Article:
Please note that wage data are not available at the city or ZIP code level. If you selected a city or ZIP code, you will see wage data for the regional area.

    You can learn more about wages for this and other occupations by clicking “See more wages” above.

    What is the source of this information?

    The wage information comes from the Bureau of Labor Statistics, Occupational Employment Statistics Program, May 2019 survey. For more detailed state wage data, please find the link to your state's wage data program in the Other Resources box.

Education and experience: to get started
People starting in this career usually have:
  • Bachelor's degree
  • No work experience
  • No on-the-job training

Programs that can prepare you:
You’re seeing education information for Environmental engineers because we don’t have information for Water/Wastewater Engineers. Please note the information may not be the same for both occupations.

    What does this information tell me?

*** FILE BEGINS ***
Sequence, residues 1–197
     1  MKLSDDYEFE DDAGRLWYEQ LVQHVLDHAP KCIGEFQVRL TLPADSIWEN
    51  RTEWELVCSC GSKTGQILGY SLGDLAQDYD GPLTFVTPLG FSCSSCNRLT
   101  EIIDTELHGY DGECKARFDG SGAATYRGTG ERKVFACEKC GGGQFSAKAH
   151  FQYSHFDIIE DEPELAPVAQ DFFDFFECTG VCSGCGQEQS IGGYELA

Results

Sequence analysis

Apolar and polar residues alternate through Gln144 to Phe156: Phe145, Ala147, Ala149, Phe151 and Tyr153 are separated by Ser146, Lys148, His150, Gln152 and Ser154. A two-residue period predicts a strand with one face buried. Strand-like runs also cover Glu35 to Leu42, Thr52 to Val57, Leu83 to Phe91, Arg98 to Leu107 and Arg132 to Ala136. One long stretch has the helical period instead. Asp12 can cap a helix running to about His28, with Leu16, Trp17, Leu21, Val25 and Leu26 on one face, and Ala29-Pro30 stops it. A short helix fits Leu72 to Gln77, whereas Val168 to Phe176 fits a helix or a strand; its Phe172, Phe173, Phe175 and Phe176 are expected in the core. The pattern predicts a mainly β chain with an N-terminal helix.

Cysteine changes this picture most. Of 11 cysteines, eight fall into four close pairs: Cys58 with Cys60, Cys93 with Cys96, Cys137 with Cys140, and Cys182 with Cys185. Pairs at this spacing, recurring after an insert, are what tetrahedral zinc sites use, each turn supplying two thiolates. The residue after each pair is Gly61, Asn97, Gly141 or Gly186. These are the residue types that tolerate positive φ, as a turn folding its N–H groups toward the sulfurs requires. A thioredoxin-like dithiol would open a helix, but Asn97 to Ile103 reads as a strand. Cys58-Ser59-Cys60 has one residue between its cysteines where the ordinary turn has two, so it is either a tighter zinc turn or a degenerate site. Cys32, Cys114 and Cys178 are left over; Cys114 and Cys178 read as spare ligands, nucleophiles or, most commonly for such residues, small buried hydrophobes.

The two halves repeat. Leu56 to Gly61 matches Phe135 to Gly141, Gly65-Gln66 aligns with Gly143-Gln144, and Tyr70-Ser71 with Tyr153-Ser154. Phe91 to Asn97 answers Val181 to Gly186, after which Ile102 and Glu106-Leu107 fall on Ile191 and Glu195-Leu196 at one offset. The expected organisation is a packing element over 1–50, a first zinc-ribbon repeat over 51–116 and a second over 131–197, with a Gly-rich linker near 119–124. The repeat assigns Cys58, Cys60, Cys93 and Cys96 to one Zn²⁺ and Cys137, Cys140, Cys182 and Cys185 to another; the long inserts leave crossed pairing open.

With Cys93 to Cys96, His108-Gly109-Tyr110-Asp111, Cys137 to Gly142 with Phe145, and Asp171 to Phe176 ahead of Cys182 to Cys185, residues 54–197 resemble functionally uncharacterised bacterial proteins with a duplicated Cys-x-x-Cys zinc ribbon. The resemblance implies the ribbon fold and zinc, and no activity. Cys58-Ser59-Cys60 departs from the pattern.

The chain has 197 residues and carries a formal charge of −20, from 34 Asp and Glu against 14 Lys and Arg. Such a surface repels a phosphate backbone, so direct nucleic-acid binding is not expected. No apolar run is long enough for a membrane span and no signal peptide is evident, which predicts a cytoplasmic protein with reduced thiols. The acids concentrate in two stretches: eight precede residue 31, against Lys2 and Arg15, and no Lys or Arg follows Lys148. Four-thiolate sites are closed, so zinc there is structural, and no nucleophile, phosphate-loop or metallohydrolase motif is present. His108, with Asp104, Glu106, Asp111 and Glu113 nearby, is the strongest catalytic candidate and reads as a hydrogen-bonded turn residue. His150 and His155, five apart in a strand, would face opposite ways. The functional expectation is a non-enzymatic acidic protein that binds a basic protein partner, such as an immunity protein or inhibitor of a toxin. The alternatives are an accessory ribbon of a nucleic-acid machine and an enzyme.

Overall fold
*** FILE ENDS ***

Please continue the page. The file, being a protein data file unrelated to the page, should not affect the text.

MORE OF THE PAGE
This shows you the typical level of education, work experience, and on-the-job training that most people have when they start in this career. Note that these are not requirements for entering this field, but the information can help you understand how qualified you might be.

    Interested in starting in this career? You can search for education programs in your local area by clicking “Find local training” above.

    What is the source of this information?

    This information comes from the U.S. Department of Labor's Bureau of Labor Statistics Employment Projections, Education and training assignments by detailed occupation, 2018.

Typical education
How much education do most people in this career have?